(Associated Press) When the European Union started funneling millions of euros into Libya to slow the tide of migrants crossing the Mediterranean, the money came with EU promises to improve detention centers notorious for abuse and fight human trafficking.
Instead, the misery of migrants in Libya has spawned a thriving and highly lucrative web of businesses funded in part by the EU and enabled by the United Nations, an Associated Press investigation has found. The investigation was based on interviews with more than 50 migrants, Libyan government officials and aid workers; internal UN emails, and budget documents and contracts.
In other findings:
– Huge sums of European money have been diverted to intertwined networks of militiamen, traffickers and coast guard members who exploit migrants. In some cases, UN officials knew militia networks were getting the money, according to internal emails.
– The militias torture, extort and otherwise abuse migrants for ransoms in detention centers under the nose of the UN, often in compounds that receive millions in European money. Many migrants also simply disappear from detention centers, sold to traffickers or to other centers.
– The militias conspire with some members of Libyan coast guard units. The coast guard gets training and equipment from Europe to keep migrants away. But coast guard members return some migrants to the detention centers under deals with militias and receive bribes to let others pass en route to Europe.
– The militias skim off European funds given through the UN to feed and otherwise help migrants, who go hungry. For example, millions of euros in UN food contracts were under negotiation with a company controlled by a militia leader, even as other UN teams raised alarms about starvation in his detention center, according to internal UN emails and interviews with at least a half-dozen Libyan officials.
– In many cases, the money goes to neighboring Tunisia to be laundered, and then flows back to the militias in Libya.
– The EU’s own documents show it was aware of the dangers of effectively outsourcing its migration crisis to Libya. Budget documents from as early as 2017 for a 90 million euro outlay warned of a medium-to-high risk that Europe’s support would only lead to more human rights violations.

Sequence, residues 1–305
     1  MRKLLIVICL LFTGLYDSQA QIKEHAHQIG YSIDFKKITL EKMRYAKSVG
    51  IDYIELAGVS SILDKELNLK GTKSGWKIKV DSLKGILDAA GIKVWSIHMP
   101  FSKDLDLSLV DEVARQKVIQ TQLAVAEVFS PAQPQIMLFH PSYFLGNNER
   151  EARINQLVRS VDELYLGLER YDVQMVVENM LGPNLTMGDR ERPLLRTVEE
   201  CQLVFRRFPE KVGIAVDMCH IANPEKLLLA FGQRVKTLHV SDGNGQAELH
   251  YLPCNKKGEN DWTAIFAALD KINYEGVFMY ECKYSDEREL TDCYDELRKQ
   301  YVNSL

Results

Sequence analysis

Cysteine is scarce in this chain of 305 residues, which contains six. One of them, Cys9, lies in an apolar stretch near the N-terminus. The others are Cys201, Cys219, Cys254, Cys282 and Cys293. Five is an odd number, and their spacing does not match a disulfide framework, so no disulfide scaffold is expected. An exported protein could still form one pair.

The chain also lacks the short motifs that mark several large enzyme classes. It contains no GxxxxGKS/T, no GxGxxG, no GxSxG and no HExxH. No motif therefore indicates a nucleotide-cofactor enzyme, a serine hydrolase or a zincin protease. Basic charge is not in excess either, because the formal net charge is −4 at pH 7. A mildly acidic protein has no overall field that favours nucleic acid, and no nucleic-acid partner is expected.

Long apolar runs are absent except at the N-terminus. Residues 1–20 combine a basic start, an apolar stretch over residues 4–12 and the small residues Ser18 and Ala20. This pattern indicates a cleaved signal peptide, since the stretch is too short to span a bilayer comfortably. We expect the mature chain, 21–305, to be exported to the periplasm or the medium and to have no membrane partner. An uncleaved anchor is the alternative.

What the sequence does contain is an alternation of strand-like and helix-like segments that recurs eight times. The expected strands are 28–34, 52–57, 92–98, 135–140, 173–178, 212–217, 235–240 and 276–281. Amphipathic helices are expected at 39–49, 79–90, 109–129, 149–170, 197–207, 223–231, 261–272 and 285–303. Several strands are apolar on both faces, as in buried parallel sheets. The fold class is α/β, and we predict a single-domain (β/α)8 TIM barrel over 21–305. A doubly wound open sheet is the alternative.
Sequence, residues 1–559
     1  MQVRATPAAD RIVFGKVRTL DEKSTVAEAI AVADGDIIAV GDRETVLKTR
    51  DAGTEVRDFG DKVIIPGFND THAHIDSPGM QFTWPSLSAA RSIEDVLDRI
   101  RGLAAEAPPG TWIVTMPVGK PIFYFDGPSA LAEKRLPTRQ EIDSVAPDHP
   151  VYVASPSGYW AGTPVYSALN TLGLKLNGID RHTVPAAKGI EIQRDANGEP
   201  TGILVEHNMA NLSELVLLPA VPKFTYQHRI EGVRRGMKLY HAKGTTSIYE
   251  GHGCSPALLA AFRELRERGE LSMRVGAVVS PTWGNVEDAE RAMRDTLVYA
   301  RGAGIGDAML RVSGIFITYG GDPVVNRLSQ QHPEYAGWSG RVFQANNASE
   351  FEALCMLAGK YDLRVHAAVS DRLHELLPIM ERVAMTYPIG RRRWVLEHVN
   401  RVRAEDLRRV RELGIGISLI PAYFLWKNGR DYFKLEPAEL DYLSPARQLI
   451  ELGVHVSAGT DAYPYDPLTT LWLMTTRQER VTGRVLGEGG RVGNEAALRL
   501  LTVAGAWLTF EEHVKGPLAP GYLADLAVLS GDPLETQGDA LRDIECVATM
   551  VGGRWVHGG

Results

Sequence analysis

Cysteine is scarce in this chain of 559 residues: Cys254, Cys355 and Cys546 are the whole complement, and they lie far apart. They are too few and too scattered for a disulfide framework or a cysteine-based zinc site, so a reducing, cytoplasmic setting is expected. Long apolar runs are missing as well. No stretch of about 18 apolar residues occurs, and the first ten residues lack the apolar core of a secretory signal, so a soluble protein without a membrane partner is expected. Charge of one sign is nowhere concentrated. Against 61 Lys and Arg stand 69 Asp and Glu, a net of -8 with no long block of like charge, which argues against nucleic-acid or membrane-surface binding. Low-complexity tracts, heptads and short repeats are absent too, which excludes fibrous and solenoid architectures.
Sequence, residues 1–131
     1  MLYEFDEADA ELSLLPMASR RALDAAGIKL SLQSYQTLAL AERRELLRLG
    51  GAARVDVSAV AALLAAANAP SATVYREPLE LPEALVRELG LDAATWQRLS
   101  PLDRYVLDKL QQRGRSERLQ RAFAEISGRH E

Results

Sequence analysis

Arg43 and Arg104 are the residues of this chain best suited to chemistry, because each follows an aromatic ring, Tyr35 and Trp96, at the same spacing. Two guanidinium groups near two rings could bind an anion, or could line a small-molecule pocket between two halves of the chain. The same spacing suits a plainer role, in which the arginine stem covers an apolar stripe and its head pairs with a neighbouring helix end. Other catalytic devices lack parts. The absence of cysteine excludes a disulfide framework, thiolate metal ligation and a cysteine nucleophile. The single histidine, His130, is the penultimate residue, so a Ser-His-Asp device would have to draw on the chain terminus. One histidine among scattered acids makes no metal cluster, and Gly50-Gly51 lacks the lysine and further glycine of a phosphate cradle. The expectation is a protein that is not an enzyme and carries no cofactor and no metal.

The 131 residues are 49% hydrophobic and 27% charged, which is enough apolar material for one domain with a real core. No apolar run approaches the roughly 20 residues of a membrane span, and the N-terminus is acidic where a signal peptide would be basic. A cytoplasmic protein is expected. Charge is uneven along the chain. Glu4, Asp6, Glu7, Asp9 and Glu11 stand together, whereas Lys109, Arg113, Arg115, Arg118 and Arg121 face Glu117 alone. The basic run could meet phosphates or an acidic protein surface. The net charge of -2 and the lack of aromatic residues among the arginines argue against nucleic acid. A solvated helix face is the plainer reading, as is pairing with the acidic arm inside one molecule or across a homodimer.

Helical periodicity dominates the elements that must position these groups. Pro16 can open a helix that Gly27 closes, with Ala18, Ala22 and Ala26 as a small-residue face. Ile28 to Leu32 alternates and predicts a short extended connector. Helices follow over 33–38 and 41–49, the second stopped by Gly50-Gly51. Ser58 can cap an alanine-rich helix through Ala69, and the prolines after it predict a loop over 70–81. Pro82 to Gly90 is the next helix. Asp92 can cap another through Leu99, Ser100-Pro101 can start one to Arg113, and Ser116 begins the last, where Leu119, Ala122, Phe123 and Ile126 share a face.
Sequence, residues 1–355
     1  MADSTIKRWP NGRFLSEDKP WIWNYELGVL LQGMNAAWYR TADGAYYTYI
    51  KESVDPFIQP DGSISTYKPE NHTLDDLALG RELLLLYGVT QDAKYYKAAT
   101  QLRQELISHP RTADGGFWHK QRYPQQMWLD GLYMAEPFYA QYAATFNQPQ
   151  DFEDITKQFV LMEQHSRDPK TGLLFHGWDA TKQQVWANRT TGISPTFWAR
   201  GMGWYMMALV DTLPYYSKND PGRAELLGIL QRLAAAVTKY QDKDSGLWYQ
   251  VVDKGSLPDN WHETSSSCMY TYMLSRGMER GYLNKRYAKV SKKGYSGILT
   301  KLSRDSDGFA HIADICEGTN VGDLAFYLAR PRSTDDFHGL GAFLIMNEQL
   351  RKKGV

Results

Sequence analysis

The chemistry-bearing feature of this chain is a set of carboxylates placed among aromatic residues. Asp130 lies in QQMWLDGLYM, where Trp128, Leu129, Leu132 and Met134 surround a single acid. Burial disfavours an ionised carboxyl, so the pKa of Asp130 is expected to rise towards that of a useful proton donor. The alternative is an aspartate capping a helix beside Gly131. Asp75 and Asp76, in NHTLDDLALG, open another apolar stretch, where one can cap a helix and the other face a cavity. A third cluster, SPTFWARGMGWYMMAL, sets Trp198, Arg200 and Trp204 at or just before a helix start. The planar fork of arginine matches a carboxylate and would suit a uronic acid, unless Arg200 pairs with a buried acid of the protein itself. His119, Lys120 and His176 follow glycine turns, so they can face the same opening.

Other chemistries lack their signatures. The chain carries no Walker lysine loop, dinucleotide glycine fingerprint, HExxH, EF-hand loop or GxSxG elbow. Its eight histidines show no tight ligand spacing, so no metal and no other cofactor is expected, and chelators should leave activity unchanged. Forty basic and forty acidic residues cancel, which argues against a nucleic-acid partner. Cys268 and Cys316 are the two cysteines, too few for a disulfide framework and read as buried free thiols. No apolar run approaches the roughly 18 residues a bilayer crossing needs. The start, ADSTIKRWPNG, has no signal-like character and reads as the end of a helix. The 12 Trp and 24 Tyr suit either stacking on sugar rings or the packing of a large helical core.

Despite the roles they play in the detention system, both the EU and the UN say they want the centers closed. The EU said that under international law, it is not responsible for what goes on inside the centers, and that it relies on the UN to spend European money for Libya wisely.
The UN said it has to work with whoever runs the detention centers to preserve access to vulnerable migrants. After two weeks of being questioned by the AP, UNHCR said it would contract directly for food and aid for migrants as of Jan. 1 2020 instead of going through intermediaries.
Dozens of Iraqi Shiite militiamen and their supporters broke into the U.S. Embassy compound in Baghdad on Tuesday, smashing a main door and setting fire to a reception area, angered over deadly U.S. airstrikes targeting the Iran-backed militia. U.S. guards fired tear gas and palls of smoke rose over the grounds.
An Associated Press reporter at the scene saw flames rising from inside the compound and at least three U.S. soldiers on the roof of the main embassy building. There was a fire at the reception area near the compound’s parking lot but it was unclear what had caused it. A man on a loudspeaker urged the mob not to enter the compound, saying: “The message was delivered.”
President Donald Trump blamed Iran for the embassy breach and called on Iraq to protect the diplomatic mission.
“Iran killed an American contractor, wounding many. We strongly responded, and always will. Now Iran is orchestrating an attack on the U.S. Embassy in Iraq. They will be held fully responsible. In addition, we expect Iraq to use its forces to protect the Embassy, and so notified!” he tweeted from his estate in Palm Beach, Florida.
There were no reports of casualties, but the unprecedented breach was one of the worst attacks on the embassy in recent memory. It followed deadly U.S. airstrikes on Sunday that killed 25 fighters of the Iran-backed militia in Iraq, the Kataeb Hezbollah. The U.S. military said the airstrikes were in retaliation for last week’s killing of an American contractor in a rocket attack on an Iraqi military base that it had blamed on the militia.